Yes, I'm running late -- and I'm not blind to the irony that this blog is turning into a thinly updated series of lists of books I haven't read. But I like writing about stacks of books, so I'll keep doing that, and see if I can get myself back into doing more.

The following came home with me from a weekend away with The Wife, to celebrate our 20th wedding anniversary. We went off to New Hope, where we used to vacation pre-kids, and I found my way into four decent used bookstores (two each in Lambertville, NJ and Doylestown, PA, each pair immediately adjacent, too), and brought home the following:

The Amazing Adventures of Kavalier & Clay by Michael Chabon -- a big novel about comics and fantasy and history and so forth; it won the Pulitzer and got glowing reviews and I had a hardcover that I hadn't managed to read before the Flood. (And I've read and enjoyed several Chabon books --  see my reviews of The Yiddish Policemen's Union, The Final Solution, and Manhood for Amateurs, for examples.) So maybe this trade paperback will be more likely to make it in front of my eyeballs.

Opened Ground: Selected Poems, 1966-1996 by Seamus Heaney -- I don't read as much poetry as I'd like -- I'm in the middle of a long-stalled attempt on all of Browning, and have a shelf of Larkin and Pound and Bishop and Auden and others I want to get to as well -- but I keep buying it, and someday I will have read as much poetry as I wish I already had.

An Everyman's Library omnibus of three "Ripley" novels by Patricia Highsmith -- Talented, Under Ground, and Game. I either had this exact book or some other Ripley omnibus pre-deluge, but never got to it.

The Fatal Shore by Robert Hughes -- I read this history of the early years of Australia a decade or more ago, and enjoyed it then. And it was 95 cents in one of those stores, so I grabbed it again.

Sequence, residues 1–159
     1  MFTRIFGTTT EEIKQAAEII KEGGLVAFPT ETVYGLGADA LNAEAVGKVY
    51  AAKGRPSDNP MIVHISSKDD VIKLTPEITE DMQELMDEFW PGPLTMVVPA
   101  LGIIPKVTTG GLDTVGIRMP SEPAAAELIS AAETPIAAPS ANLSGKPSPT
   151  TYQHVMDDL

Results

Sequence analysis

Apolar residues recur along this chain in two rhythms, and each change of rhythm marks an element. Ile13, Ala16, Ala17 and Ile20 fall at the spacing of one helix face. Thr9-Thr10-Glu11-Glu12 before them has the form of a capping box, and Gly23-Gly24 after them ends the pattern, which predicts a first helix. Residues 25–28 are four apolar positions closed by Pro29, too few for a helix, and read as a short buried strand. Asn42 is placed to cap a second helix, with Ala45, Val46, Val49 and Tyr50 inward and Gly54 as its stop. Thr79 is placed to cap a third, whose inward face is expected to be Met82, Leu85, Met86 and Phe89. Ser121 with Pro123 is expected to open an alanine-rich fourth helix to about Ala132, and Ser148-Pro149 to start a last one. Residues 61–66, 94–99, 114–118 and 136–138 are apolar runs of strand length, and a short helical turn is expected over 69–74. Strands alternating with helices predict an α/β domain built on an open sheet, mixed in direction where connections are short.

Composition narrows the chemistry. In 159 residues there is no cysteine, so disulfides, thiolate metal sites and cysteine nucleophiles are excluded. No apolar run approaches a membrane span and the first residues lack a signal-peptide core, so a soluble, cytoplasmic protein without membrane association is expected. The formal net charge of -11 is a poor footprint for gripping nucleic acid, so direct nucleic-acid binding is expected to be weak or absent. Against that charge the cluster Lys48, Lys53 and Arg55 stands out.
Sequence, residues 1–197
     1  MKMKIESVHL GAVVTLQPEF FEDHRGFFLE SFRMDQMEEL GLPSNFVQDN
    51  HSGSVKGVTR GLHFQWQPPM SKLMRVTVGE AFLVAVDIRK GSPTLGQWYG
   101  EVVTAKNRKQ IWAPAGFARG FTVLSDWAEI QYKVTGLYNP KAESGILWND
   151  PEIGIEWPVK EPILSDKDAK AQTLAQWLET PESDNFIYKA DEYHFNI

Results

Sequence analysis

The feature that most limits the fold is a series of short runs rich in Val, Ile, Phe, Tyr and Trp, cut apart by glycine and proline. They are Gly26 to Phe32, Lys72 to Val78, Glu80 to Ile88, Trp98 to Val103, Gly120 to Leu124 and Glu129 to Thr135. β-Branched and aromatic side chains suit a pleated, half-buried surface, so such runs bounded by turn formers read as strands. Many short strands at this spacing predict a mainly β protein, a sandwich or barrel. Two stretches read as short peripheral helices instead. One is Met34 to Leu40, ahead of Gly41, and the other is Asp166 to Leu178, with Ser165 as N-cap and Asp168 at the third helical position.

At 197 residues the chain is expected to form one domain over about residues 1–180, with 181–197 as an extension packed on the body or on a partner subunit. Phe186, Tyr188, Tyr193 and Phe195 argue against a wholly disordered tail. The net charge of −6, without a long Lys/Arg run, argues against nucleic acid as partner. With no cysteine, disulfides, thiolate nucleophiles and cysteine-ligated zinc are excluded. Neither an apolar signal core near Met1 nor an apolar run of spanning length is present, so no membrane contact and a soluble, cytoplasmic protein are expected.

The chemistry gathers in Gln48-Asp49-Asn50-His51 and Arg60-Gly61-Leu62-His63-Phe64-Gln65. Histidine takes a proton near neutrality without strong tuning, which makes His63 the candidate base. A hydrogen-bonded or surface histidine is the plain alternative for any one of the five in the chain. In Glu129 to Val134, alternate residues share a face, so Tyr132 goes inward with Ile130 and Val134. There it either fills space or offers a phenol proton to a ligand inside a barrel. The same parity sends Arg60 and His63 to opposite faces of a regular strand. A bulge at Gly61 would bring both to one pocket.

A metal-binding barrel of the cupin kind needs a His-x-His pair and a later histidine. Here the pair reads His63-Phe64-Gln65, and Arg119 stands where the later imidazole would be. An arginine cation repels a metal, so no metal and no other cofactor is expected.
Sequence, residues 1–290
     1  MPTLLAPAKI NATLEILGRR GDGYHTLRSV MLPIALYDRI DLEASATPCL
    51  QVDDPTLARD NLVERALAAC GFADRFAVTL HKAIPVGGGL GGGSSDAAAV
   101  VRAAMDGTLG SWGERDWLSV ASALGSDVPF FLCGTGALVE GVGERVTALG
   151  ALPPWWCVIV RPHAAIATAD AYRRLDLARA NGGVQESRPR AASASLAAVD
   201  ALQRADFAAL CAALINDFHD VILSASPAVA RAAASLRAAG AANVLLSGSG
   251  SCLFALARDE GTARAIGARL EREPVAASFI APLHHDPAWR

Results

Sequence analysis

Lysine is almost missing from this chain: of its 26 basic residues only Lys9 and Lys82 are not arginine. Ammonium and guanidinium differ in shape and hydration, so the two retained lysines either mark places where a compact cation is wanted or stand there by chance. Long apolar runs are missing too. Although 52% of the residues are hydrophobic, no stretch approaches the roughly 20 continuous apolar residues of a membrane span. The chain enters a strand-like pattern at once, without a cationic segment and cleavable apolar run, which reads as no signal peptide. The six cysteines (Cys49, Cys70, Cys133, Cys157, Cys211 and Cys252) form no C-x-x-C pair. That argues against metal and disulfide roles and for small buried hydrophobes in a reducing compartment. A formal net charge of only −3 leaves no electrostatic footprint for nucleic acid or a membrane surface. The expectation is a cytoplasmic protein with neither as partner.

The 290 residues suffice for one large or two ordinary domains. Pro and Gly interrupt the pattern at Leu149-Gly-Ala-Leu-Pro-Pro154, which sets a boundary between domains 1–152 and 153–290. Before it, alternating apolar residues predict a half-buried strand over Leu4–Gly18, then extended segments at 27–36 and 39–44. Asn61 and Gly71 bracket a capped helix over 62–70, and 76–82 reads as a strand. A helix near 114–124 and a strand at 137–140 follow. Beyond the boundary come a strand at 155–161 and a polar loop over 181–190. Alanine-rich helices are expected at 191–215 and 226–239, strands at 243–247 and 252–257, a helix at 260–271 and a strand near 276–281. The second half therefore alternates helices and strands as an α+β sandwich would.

Home Town by Tracy Kidder -- I can't remember if the book clubs I worked for at the time (1999, just before the merger) won this or lost it, but it was a topic of discussion at editorial meetings for a while, and it sounded interesting. Kidder's the author of a number of nonfiction books -- Soul of a New Machine is probably the most iconic -- and this was his look at the small Massachusetts town where he lives. (Well, lives part of the time -- like all moderately famous writers, his bio feels the need to cite two places of residence.)

Country Matters by Michael Korda -- one publishing executive buys a summer home near Poughkeepsie, and the usual rural shenanigans ensue. I read a couple of Korda books on publishing and bestsellers, which weren't nearly as windy and full of his own ego as I'd heard Korda was, so I'm willing to try again. (That was a long time ago, though -- this book is from 2001, and I think it's later than anything I read.) I do wonder if he means the Shakespearean dirty pun in the title.